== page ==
Phoenix ranks number 6 among the hottest multi-family stores

New research shows Phoenix is ​​the sixth hottest U.S. multi-family sales market for the past decade.

Over the past decade, the price per unit (PPU) for apartment buildings has increased 156% to nearly $ 160,000. This increase exceeded both median sales prices and rental prices.

The latest CommercialSearch study compared and rated the most active U.S. metros in terms of multi-family sales since 2009.

READ MORE: Phoenix # 2 Hottest Property Markets Of 2021

Here are some highlights:

• Phoenix is ​​the sixth hottest US multi-family sales market in the past decade. As of 2009, Phoenix had multi-family sales of more than $ 42 billion.

In terms of transactions, 1,711 transactions have been completed across the metro since 2009, for a total of 385,717 units.

• In 2020 alone, Phoenix closed 125 deals and took 3rd place. The market had only 21 fewer deals than DFW, which was number 1.

• By comparison, nationally, the median rent rose 37% to $ 1,462, and the median home sales price rose approximately 58% since 2009 to $ 313,200.

We have never spent so much time in our homes. Average prices are at their highest level for generations. Because of supply constraints and interest rates that are on the ground and likely to stay there for some time, prices keep rising. The national median home sales price has increased approximately 58% since 2009 to $ 313,200. Over the past decade, as prices have increased, home ownership rates have slowly declined. In 2016, the US home ownership rate was 62.9%, its lowest level since 1965. Four years later, the home ownership rate approached its pre-crisis high of 67.9%, with much of the increase being driven by cheap borrowing costs. However, the pandemic has caused rates to drop to 65.8% from the fourth quarter of 2020.

During the same period, growth in national rental rates was somewhat moderated, increasing 37% to $ 1,462. For multi-family investors, those increases compared to property prices have pales. Nationwide, the price per unit (PPU) that apartment buildings are sold for has increased a whopping 156% since 2009 to nearly $ 160,000 from $ 62,371. Some large markets such as Manhattan, San Francisco, and Seattle saw PPU increases north of 200% in 10 years.

Online marketplaces have put the stationary retail trade under immense pressure. At the same time, industrial real estate has been broken down into essential or non-essential, the latter being more susceptible to market fluctuations such as manufacturing, while logistics and fulfillment thrive. Multi-families as an asset class are slightly better positioned in the event of market downturns simply because there is always demand. People have to live somewhere. But as always, some markets are better than others.

Hottest Multi-Family Business Markets – DFW, Atlanta & Phoenix

Dallas-Fort Worth has been the hottest apartment building market for the past decade. The market is expansive, spanning 11 counties and 9,300 square miles with plenty of development opportunities. The total subway has built 149,000 units since 2010, most of the nation using the subway. It also had the most deal flow. In the past decade, 2,227 multi-family stores have been completed, for a total of 516,693 units.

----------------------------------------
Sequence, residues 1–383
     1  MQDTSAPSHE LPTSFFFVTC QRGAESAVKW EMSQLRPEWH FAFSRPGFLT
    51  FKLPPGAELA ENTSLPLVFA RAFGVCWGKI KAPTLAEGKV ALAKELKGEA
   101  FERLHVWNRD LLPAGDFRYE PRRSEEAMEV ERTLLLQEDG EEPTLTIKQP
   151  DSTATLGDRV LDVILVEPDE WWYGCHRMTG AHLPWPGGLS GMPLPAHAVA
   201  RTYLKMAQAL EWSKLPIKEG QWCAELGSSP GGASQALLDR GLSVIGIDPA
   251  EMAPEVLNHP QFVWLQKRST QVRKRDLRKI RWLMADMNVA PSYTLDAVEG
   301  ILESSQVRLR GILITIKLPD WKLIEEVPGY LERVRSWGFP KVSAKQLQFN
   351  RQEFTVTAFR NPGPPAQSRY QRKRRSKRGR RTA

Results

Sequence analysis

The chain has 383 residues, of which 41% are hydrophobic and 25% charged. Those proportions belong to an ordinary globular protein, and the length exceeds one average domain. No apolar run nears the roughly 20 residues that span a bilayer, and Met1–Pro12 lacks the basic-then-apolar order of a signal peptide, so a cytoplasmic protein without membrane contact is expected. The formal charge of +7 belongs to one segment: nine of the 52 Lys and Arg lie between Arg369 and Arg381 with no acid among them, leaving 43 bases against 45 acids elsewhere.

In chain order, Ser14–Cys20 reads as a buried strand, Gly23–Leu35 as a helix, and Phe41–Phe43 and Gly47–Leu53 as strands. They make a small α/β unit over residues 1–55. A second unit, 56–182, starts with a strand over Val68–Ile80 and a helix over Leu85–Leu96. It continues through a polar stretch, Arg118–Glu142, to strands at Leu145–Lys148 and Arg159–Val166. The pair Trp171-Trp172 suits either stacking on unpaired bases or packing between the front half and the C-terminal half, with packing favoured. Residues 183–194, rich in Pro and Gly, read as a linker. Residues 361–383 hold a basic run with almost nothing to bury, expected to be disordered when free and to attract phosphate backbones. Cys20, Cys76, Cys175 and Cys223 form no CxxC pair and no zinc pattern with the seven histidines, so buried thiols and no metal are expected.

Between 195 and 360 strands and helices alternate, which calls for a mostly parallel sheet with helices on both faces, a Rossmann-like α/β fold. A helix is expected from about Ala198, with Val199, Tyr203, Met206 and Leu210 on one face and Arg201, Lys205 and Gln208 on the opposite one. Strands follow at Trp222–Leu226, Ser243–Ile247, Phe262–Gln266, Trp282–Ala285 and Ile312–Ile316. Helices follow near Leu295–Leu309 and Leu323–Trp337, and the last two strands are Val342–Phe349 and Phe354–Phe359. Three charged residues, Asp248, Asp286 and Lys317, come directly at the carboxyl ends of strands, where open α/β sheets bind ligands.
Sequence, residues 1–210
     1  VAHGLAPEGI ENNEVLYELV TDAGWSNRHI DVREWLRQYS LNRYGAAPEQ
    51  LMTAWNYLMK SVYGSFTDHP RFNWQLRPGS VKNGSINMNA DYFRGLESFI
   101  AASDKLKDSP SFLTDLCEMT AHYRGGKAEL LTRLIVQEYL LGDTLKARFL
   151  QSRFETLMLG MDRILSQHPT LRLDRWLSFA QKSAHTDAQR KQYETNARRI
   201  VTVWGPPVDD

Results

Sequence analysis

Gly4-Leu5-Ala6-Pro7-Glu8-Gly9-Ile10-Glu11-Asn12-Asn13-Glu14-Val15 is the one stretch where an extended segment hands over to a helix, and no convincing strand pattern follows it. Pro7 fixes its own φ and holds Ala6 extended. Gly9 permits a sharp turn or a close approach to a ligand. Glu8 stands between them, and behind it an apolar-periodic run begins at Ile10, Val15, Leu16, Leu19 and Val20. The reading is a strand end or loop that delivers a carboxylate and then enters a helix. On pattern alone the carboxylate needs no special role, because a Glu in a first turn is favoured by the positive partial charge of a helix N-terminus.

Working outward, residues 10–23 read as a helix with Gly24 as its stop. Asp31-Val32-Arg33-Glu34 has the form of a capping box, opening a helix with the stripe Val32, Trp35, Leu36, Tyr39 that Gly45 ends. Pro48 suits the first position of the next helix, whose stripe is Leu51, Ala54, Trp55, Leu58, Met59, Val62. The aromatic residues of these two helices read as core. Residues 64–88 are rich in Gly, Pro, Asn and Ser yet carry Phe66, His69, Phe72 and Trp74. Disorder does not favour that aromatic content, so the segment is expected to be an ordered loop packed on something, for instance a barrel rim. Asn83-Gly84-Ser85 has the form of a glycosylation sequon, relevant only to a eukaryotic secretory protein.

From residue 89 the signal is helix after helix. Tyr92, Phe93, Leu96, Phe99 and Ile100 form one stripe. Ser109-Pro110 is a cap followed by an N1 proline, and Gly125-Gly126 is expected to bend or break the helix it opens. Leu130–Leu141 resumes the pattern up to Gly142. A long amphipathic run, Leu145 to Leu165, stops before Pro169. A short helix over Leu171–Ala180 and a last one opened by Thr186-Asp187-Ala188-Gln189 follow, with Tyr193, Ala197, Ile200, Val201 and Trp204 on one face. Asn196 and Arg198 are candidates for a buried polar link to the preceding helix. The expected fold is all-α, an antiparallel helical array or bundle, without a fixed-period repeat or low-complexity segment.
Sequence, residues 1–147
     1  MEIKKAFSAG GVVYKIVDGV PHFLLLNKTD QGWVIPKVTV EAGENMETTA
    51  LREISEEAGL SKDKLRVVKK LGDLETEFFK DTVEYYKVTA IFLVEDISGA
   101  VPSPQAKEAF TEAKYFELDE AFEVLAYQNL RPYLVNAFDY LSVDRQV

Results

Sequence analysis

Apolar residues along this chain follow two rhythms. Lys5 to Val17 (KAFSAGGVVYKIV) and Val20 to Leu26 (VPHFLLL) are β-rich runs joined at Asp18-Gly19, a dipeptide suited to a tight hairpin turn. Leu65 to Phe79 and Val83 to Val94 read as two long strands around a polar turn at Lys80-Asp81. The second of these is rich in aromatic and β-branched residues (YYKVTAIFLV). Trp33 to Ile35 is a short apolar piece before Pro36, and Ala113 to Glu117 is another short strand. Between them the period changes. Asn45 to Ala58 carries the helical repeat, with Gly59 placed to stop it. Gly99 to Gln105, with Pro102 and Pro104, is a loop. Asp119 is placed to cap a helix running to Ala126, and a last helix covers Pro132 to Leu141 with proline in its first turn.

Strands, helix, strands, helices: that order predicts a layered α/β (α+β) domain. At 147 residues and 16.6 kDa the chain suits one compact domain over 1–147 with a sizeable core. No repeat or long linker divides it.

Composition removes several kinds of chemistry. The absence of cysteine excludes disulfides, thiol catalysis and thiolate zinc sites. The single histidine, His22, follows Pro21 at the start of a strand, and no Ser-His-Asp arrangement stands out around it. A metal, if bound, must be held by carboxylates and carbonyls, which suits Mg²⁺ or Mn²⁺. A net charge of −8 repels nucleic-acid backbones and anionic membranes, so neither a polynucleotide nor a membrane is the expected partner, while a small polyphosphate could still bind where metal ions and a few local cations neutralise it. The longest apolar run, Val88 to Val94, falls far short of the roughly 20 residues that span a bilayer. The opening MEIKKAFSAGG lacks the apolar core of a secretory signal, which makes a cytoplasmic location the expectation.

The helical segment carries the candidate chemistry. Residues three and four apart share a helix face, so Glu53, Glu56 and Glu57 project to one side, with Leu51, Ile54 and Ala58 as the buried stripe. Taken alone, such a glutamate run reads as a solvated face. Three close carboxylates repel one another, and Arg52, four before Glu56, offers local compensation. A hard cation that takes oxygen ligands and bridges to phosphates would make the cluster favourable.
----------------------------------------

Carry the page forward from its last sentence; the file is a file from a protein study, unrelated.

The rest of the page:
Atlanta may have lagged behind DFW in transactions, closing 2,134, but it had more trade units – 36,685 more – in fact a total of 553,378 units. Around 1,700 transactions had been completed in Phoenix, NYC and Houston by the end of 2019. Surprisingly, Houston totaled more than 425,000 units changing hands while the much larger Los Angeles market handled 134,000 transactions.

Interestingly, Houston kept up with DFW on multi-family transactions through 2015. Part of the reason the two fell apart was because oil prices fell and the energy-centric business environment in Houston shrank as oil companies started layoffs, which hit the local economy and the real estate industry. Houston created fewer than 5,000 jobs in November 2015, less than half a typical month – and the third worst in 25 years.

More than $ 912 billion worth of multi-family deals have been completed in the past 10 years. Nationally, multi-family stores hit $ 13.4 billion in 2009 and have skyrocketed since then. In 2019 alone, multi-family sales totaled nearly $ 130 billion nationwide, compared with more than $ 82 billion last year.

New York City and Atlanta have each earned more than $ 50 billion in multi-family sales since 2009, outperforming the most active markets and demonstrating the significant premium real estate realizes in those markets. For example, Atlanta has closed 2,134 deals in the past decade, nearly a hundred fewer than DFW. However, Atlanta’s sales volume was $ 6.3 billion above DFW’s sales volume over the same period.

Some markets have seen incredible growth seemingly overnight. Austin had 2010 sales of $ 390 million. Just two years later, it had almost quadrupled to $ 1.65 billion and has been around $ 2 billion since 2014. Similarly, Las Vegas had multi-family transactions less than $ 500 million in 2012, but closed over $ 1.1 billion from year to year and grew to nearly $ 3.5 billion in 2019.

At the same time, markets such as Seattle, Charlotte, and the Carolina Triangle saw immense sales growth that grew steadily every year. Charlotte had sales of $ 76 million in 2009 and has seen steady growth over the past decade. By 2020, sales were nearly $ 3 billion. Seattle grew from $ 270 million to $ 6.8 billion in 2019 – an increase of 2,397% before falling to $ 1.9 billion in revenue last year.

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